DARKNESS BEFORE DAWNJ.A. London
Paranormal Young Adult
Available May 29th
Received from publisher for review
THE STORY (from Goodreads)This electrifying new trilogy blends the best of paranormal and dystopian storytelling in a world where the war is over. And the vampires won.
Humans huddle in their walled cities, supplying blood in exchange for safety. But not even that is guaranteed. Dawn has lost her entire family and now reluctantly serves as the delegate to Lord Valentine, the most powerful vampire for miles. It isn’t until she meets Victor, Valentine’s son, that she realizes not all vampires are monsters....
Darkness Before Dawn is a fresh new story with captivating characters, unexpected plot twists, a fascinating setting, and a compelling voice. Written under the name J. A. London by a talented mother-son team, the trilogy is perfect for fans of True Blood and the House of Night and Morganville Vampires series.
MY THOUGHTSDarkness Before Dawn starts out with a dark promise, the implied brutal violence and the last words of a faceless couple suggesting our heroine is unsuspectingly unusual setting a tone that sends whispers traveling down our spines as we prepare ourselves to unravel the mysteries of this vampire world. That dark promise doesn’t entirely come to fruition over the course of the story however, and we’re left at the end fully dressed in the super-sleuth gear we draped ourselves in at the story’s onset with little to show for all our eager anticipation. The secret surrounding Valentine’s interest in Dawn is mentioned occasionally in passing but never discussed in any detail, and thus we can’t help but feel as though we were sent a save the date to ratchet up our enthusiasm for the coming pages, but the formal invitation explaining the who, when, where and how got lost in the mail.
Dawn is a young woman the first several pages predispose us to liking, our interest in what makes her special causing us to be particularly attuned to her, eyes scanning the pages for clues we can collect and store for closer examination later. Our scrutiny eventually decreases in intensity as Dawn doesn’t seem to exhibit any traits that cause our hypersensitive radars to ping, seeming to be a fairly straightforward girl placed in an extraordinarily difficult situation. She’s perfectly likable and admirably stands her ground in the face of an almost one-thousand year-old ruling vampire, but she often doesn’t stand that same ground with regard to her friends, allowing them to push her into doing things she knows are dangerous with only the smallest of protests to show her objection.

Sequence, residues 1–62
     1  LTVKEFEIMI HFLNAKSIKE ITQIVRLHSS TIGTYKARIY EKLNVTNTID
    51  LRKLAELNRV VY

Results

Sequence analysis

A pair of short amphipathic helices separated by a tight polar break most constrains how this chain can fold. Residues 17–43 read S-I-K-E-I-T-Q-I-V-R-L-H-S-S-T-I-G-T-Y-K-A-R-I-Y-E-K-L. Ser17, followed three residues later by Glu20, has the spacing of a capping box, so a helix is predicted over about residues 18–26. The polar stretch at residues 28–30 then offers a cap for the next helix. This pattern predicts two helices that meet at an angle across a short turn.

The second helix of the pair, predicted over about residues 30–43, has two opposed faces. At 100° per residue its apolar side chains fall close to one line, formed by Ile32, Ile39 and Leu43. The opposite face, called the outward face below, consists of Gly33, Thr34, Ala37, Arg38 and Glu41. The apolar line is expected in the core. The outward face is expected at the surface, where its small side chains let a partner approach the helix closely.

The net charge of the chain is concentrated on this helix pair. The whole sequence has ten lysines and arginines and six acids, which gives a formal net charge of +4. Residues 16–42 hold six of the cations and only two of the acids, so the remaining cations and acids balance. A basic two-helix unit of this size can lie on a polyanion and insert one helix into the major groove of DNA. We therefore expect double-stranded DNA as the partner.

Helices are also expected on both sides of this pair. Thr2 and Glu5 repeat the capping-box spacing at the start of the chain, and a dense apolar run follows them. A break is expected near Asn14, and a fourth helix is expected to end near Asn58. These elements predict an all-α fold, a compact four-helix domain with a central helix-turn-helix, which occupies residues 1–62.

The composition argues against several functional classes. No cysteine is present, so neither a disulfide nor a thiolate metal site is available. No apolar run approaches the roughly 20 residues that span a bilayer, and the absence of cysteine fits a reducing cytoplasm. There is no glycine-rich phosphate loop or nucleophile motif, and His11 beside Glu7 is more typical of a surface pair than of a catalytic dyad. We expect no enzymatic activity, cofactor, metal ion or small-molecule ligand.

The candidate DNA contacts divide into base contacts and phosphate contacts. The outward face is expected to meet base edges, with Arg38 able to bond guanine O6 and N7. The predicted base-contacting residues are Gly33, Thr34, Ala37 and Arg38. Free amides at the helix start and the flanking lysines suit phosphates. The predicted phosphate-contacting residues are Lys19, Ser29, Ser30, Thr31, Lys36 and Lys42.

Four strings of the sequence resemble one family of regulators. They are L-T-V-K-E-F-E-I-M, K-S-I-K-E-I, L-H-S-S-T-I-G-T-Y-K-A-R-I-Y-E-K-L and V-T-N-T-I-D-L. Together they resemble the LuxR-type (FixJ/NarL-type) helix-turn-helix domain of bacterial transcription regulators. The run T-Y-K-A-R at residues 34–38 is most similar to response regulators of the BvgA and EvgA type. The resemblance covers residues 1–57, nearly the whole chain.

In addition, the romance is something a little different than the synopsis suggests, as Dawn already has a boyfriend when we meet her; someone she stays with throughout the book even when Victor comes into play. Thus we have a bit of a love triangle situation with Dawn waffling between the safety of a human boyfriend and the danger of a vampire one, but luckily for us the triangle is not overly dramatic, and while she makes some poor decisions in her emotional struggle, it’s certainly not the teenage soap opera it so easily could have been. Victor, by nature of his grittier and more violent history as a born vampire and son of an Old Family patriarch, is the more intriguing of the two, the closet door to all his skeletons only cracked open the barest inch in this first installment, and we can’t help but look forward to the time when it’s open far enough that we’re able to see the outlines of each individual bone he’s got locked up tight.
For those readers who love paranormal young adult fiction and vampires in particular, Darkness Before Dawn will most likely be an easily devoured read that doesn’t necessarily cause jaws to drop with its fresh take, but that has strong entertainment value nonetheless. For those for whom the vampire genre may be wearing a little thin, this tale will likely be a touch disappointing as nothing new is brought to the table, and the vampire mythology itself is not fully developed enough to set it apart from many of its contemporaries. On a whole though, this first installment does show potential, and it certainly ends in a way that will inspire readers to pick up the next book.